There are few things cuter than watching an adorable dog tilt its head back and forth as it listens to an odd sound or waits for a tasty treat. If you think about it, though, it's rather strange behavior. Dogs tilt their heads in all kinds of situations, and sometimes the reason may not even be obvious. Veterinarians and animal behaviorists aren't completely sure about the reasons behind it, but there are some common theories about why dogs tilt their heads.
One theory is that dogs tilt their heads to see things better. Most dogs do have pretty good eyesight, but their long muzzles block part of their field of vision. Some experts believe that they tilt their heads to get a more complete view of certain objects, particularly when they're looking down at something on the ground.
Dogs have exceptional hearing, and their movable ear flaps let them quickly pinpoint the location of most sounds. This three-dimensional auditory perception helps them do things like pinpoint prey hiding under vegetation and determine where intruders are approaching from, but sometimes they may have trouble figuring out exactly where a sound is originating. Tilting their head back and forth may help them get a better fix on the source of the sound as their brain processes the information from each ear differently.
This probably isn't the original reason dogs tilt their heads, but part of the reason some dogs do it so often may be that people find it so cute. Many owners reward their dogs for adorably tilting their heads by providing them with attention or treats, which may make the dogs more likely to do it in the future. Some people even train their dogs to do it on cue.
Some behaviorists believe that head tilting may just be an unconscious quirk that dogs show when they're confused or concentrating hard on something. Many humans have similar quirks, such as sticking out their tongues. Some people even tilt their own heads, just like dogs do. There may not be much of a reason behind it besides habit.
Scientists used to debate about whether dogs have emotions, but modern scientific advances have shown that they do. Brain scans show that they release oxytocin, known colloquially as the love hormone when they see their owners, and they often engage in comforting behaviors when their owners are upset or distressed. Some behaviorists believe that dogs may tilt their heads to show a non-threatening, comforting interest in their owners when the owners are ill or upset.
Dogs are social animals, and they primarily use body language to communicate with people and other dogs. Some experts believe that head tilting may have developed as a way to use body language to show that there's something interesting nearby that the rest of the pack may need to investigate. This can help signal everything from nearby prey animals to potential threats.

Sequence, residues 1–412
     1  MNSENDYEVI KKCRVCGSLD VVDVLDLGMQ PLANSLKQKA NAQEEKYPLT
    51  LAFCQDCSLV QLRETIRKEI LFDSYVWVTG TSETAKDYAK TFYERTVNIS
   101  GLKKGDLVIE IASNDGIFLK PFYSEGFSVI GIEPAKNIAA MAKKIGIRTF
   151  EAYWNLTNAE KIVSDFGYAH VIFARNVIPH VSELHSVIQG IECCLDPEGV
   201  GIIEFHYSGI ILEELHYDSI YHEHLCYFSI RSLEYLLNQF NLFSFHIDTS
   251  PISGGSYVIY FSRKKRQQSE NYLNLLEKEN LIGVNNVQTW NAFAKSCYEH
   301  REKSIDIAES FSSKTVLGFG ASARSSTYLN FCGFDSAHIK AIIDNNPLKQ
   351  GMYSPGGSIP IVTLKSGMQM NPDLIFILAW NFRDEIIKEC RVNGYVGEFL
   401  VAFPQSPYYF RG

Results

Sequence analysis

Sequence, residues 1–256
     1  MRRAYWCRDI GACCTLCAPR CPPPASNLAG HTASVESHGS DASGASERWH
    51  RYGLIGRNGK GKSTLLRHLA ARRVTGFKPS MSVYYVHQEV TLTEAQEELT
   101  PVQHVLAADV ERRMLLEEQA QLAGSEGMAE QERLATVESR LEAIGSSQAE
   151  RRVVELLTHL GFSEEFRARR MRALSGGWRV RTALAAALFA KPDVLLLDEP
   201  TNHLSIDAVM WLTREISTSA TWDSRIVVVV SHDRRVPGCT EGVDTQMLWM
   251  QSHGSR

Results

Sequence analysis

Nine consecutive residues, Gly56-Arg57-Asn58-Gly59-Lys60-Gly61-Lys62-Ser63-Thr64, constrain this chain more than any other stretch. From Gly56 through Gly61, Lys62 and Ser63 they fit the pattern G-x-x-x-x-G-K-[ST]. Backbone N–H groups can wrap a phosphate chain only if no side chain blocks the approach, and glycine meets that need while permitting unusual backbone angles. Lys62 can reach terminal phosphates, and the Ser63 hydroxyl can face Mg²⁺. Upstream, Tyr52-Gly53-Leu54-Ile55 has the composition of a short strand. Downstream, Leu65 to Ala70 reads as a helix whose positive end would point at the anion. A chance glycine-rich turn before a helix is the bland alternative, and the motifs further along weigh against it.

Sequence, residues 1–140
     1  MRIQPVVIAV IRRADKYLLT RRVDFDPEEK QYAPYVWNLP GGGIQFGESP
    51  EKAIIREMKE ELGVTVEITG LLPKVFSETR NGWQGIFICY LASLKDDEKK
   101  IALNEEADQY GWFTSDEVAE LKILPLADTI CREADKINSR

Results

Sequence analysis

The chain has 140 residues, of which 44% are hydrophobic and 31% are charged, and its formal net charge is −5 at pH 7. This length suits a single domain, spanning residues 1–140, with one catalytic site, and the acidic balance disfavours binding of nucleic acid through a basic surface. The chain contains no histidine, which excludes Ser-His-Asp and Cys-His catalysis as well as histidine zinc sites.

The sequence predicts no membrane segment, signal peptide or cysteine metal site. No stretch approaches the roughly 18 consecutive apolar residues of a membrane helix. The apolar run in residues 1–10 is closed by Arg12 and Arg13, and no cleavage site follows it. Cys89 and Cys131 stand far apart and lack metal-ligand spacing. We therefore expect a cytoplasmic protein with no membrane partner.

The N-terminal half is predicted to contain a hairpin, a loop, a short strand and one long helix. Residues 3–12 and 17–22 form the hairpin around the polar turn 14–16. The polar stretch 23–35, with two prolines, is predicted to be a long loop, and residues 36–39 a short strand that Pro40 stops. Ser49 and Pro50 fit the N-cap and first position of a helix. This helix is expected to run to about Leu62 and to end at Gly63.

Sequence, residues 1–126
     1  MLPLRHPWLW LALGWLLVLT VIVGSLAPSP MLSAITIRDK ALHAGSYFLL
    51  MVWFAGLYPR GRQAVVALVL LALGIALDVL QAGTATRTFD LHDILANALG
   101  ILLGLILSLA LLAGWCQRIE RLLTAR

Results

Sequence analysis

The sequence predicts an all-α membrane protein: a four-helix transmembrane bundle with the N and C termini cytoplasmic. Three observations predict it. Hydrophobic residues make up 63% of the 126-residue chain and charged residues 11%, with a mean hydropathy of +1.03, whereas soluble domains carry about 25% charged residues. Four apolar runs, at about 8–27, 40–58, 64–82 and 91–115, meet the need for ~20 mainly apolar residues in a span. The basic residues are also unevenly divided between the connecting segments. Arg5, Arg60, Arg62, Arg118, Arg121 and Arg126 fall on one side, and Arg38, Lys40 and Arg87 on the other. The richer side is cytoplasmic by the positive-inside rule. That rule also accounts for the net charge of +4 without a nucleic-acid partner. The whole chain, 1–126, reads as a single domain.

Although most head tilting is benign, sometimes it can be a symptom of certain medical problems. In younger dogs, one of the most common problems is irritation in the ear itself. This can be due to a foreign body, such as a burr, that is stuck in the skin. Some dogs will also do it if they have water in their ear, although that usually resolves itself quickly. Ear infections or painful injuries can also cause dogs to hold their heads at an angle. This type of head tilting is usually accompanied by head shaking or ear scratching.
Persistent head tilting can be caused by a condition called vestibular disease. This is a blanket term for a variety of conditions that affect the structures in the inner ear and brain that control a dog's balance. Idiopathic vestibular disease is a type that has no apparent cause, and it is somewhat common in older dogs. Symptoms often lessen or resolve completely with a few days of supportive care. Vestibular disease in younger dogs is usually caused by tumors, injury, or disease.
A tilted head position can also be a symptom of other types of neurological damage. Dogs with distemper, a viral disease that attacks the nervous system, may move with a tilted head and unusual gait. Epileptic dogs may hold their heads in unusual positions during certain types of seizures, and brain injuries or tumors may cause a dog to tilt its head. These types of conditions usually involve the dog holding its head unevenly for fairly long periods of time and typically come with other symptoms.
If you've ever had a painful cavity or broken tooth, you know how painful it can be. Dogs are prone to the same types of dental problems people get, but often have few ways to communicate it. Some dogs with a painful tooth on one side of their mouths will tilt their head in an effort to protect the tooth and lessen the pain. This may be accompanied by an unwillingness to eat or chew on toys or treats, as well as physical signs such as bad breath or visible damage to the tooth.
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